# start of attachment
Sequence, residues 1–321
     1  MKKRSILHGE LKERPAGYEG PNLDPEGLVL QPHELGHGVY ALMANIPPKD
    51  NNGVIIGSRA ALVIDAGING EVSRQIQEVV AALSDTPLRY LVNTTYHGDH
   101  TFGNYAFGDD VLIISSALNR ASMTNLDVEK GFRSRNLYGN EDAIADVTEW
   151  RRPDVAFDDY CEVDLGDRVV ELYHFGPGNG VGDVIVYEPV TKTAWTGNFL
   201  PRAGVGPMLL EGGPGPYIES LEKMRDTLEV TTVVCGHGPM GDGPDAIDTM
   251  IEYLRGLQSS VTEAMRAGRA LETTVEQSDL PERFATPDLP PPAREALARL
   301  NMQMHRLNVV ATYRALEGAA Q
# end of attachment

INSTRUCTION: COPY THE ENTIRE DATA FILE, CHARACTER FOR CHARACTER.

Sequence, residues 1–321
     1  MKKRSILHGE LKERPAGYEG PNLDPEGLVL QPHELGHGVY ALMANIPPKD
    51  NNGVIIGSRA ALVIDAGING EVSRQIQEVV AALSDTPLRY LVNTTYHGDH
   101  TFGNYAFGDD VLIISSALNR ASMTNLDVEK GFRSRNLYGN EDAIADVTEW
   151  RRPDVAFDDY CEVDLGDRVV ELYHFGPGNG VGDVIVYEPV TKTAWTGNFL
   201  PRAGVGPMLL EGGPGPYIES LEKMRDTLEV TTVVCGHGPM GDGPDAIDTM
   251  IEYLRGLQSS VTEAMRAGRA LETTVEQSDL PERFATPDLP PPAREALARL
   301  NMQMHRLNVV ATYRALEGAA Q